How to Improve Your Cell Phone Manual

170-cell-phone2A 91 year old Moncton New Brunswick man by the name of George Williams owns two computers, an iPhone, and a new BlackBerry Playbook. “It’s always been a challenge to me,” he says “to sit down with the owner’s manuals to figure them out.”

The Owners Manuals – some people read them, and some people don’t. Even the best manuals can be a challenge to decipher. Several years ago I bought a simple Unsmart Phone. It came with a 37 page manual of tiny print that was best read with a magnifying glass. The first 11 pages were filled with preliminaries, including the advice “do not use the phone when blasting is in progress”. It also suggested that the phone should be used in “normal position” and “not to touch the antenna unnecessarily.” There were health cautions too. The handy little Scroll Key could be hazardous because it “may contain nickel.” And if it does, it “should not come into prolonged contact with the skin.”

I wasn’t aware of how dangerous these little devices could be, and that was before I had even turned it on and exposed myself to the so called effects of radiation! Turn it on – yes, that was next. I suppose I should have known that the button with the red phone on it was the on/off key. But red symbols usually indicate caution or danger, so I went back to the manual for confirmation. I finally found it on Page 11. The Red Phone button was the “End key and power key.” The Green button, which I had optimistically thought was the on key, was the “Send key.” Okay, good to go!

On Page 13 I learned how to Make a Call. That took a whole paragraph, and included directions about how to enter numbers, how to initiate the call, and how to end the call. I pretty much knew that already, but it was nice of the manual to include that information.

Text Messaging, which I didn’t have a clue how to do, was considerably briefer: “Select Menu – Messaging – Create Message – Text Message.” Then there were brief instructions on how to turn on Predictive Text, how to add a space and how to add a number. That was it for instructions. I tried to text The Car Guy (who was on a business trip in Aberdeen). It took me several hours to figure out how to do it. His phone didn’t get a text, just a message that I had called. By then it was late at night his time, and he got worried that I had called him, so he phoned me…  I crossed Texting off the list of things I would use this phone for.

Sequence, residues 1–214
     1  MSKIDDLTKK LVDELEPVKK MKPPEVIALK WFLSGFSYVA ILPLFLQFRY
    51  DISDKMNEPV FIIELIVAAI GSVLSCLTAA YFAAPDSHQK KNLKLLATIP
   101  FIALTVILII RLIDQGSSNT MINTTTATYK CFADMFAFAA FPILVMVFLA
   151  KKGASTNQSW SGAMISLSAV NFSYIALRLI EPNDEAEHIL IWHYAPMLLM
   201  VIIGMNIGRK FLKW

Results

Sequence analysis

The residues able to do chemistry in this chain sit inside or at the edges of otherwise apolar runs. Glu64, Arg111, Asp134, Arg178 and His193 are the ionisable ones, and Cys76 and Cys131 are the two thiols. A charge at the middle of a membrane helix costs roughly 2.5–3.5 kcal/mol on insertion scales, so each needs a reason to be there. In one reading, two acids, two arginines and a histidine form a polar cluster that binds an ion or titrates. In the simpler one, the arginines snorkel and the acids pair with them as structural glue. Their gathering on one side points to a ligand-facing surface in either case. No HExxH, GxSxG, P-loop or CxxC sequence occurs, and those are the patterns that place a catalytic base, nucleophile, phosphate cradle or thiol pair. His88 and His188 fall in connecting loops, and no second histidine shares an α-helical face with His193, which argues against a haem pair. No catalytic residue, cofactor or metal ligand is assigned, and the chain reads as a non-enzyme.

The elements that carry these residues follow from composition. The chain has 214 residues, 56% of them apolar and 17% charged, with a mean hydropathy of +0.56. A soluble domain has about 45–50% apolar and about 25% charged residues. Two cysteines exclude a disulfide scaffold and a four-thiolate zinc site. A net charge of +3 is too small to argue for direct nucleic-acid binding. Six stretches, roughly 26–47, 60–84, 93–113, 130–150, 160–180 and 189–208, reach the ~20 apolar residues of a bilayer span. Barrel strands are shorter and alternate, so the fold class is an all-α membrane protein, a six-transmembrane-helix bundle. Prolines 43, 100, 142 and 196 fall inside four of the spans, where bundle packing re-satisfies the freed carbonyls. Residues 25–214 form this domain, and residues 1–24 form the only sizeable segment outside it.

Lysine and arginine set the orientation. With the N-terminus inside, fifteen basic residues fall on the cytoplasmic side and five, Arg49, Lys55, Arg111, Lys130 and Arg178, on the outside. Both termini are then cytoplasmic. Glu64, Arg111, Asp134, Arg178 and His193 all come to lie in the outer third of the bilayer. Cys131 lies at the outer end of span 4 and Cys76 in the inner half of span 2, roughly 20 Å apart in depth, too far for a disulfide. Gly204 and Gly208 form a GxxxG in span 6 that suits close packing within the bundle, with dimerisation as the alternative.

The User Guide got shoved into the filing cabinet and I got out a pen and a piece of paper and wrote my own little manual. It is about 1.5 by 3 inches, and has 6 handwritten pages. It tells me everything I will ever need to know about my phone should I need a refresher course. I keep it in my purse, right next to my address book and a small pad of paper and a pen. I jokingly refer to this little cache of items as my PDA!

6 thoughts on “How to Improve Your Cell Phone Manual

  1. Hi,
    I always read the manual of anything new I buy, but I totally agree that sometimes this is easier said than done. I love your idea of the note that you keep with you, that is just so much easier I must remember that one.


    1. Hi Magsx2. The most interesting manuals are the ones that were translated by someone who didn’t know English all that well…


  2. Well said! I do basically the same thing: look thru massively unhelpful manuals trying to find a few useful nuggets. Google specific problems and hope somebody can explain how they solved them in plain English! And yes, jot down all the little tidbits (usually on the inside cover of the manual) so I’ll have them if I need them.

    It’s a battle– we shouldn’t hafta work that hard after we’ve shelled out hefty sums to buy the darn gadgets!! : )


    1. Hi Mark. You have outlined the problem very well! And you are right – it just shouldn’t be that hard to find useful information. Writing manuals must not be a high priority for many manufacturers.


  3. I don’t know who writes those manuals anyway, but some of them are so hard to figure out. My advice is to ask a child or a grandchild (or borrow one) because they don’t seem to have any trouble with technology!


    1. You are absolutely right, Comingeast. My husband was commenting just the other day how great it is to have grandchildren to decipher things for us!


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